obvious that projecting the lines A'D, B'E and C'F

onto the altitudes of the median triangle, reduces

the conic to the Spieker circle. Since the Spieker

circle is inscribed in the median triangle (as well as

its half-turn around S), and since any conic and

tangents remain a conic and tangents under

projection, it therefore follows that the general

Spieker conic is also inscribed in both triangles.

Nagel line generalisation

Given the above configuration for any triangle

ABC, then the centre of the Spieker conic (S), the

centroid of ABC (G) and N are collinear, and NS =

3 SG.

Proof

The projection of the Spieker conic onto the

Spieker circle, also projects S onto the the centre of

the Spieker circle, and the point N onto the Nagel

point, and since collinearity is preserved under

projection, S, G and N are collinear. However,

since ratios of segments are not necessarily

invariant under projection, this is not sufficient to

prove NS = 3 SG.

However, this follows directly from the nine-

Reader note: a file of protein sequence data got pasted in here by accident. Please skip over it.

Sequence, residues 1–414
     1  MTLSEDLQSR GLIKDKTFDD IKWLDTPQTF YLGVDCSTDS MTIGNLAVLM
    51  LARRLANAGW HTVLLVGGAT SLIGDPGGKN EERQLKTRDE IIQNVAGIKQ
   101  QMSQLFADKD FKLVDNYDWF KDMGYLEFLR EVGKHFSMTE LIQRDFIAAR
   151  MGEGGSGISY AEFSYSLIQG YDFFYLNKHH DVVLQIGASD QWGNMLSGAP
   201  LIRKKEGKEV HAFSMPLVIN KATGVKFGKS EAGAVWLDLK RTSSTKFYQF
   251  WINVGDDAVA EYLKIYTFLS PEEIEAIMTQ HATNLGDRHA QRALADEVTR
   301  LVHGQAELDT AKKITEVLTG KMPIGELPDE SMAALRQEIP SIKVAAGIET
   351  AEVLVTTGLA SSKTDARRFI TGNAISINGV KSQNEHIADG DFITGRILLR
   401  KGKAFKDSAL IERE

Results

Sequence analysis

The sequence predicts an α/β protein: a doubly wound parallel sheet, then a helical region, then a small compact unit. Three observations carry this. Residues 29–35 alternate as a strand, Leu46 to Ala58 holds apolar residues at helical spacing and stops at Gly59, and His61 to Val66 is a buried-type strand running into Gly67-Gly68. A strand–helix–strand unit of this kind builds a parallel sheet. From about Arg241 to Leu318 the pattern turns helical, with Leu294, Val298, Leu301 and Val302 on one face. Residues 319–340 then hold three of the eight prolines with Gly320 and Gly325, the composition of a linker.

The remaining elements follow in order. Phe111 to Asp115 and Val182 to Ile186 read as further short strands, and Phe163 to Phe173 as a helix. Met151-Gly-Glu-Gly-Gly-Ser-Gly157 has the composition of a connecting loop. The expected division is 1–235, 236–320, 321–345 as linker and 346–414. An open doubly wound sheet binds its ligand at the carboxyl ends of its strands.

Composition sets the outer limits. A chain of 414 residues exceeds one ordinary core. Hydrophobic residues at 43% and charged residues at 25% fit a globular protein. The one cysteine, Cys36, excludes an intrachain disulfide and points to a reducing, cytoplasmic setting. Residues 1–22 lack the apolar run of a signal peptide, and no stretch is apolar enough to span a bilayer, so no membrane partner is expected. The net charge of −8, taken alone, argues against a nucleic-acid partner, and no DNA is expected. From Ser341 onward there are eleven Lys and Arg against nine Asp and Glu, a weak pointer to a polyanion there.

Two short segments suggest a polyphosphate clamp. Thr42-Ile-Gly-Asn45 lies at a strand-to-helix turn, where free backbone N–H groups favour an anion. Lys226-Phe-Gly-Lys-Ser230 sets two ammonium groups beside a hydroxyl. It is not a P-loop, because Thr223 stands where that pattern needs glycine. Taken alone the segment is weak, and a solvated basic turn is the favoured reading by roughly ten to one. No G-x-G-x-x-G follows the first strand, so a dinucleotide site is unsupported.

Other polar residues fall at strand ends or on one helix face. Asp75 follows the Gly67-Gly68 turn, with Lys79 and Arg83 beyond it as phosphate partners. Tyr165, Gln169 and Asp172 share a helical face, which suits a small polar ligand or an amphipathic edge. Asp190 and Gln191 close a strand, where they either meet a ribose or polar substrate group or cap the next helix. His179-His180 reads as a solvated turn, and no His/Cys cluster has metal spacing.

point conic result and associated Euler

generalisation discussed in De Villiers (2005). In

Figure 6, the nine-point conic result implies that X,

K, Y, E, L, Z, F, J, and D also lie on a conic, and

that it has the same centre S as the Spieker conic.

Hence, the Euler line corollary of this inscribed

nine-point Spieker conic, directly proves the Nagel

generalisation above, so that the centre S of this

nine-point conic, the centroid G of ABC and the

point of concurrency N, are collinear, and NS = 3

SG.

Concluding comments

It is hoped that this article has to some extent

expelled the myth that the ancient Greeks already

discovered and proved everything there is to find

and prove in geometry. Apart from these results

being easily accessible to undergraduate students,

they are probably also within reach of talented high

school students, particularly those at the level of

the Third Round of the Harmony SA Mathematics

Olympiad.

Michael de Villiers

35

Figure 6: Spieker conic

A generalisation of the Spieker circle and Nagel line

36

Moreover, this article has hopefully also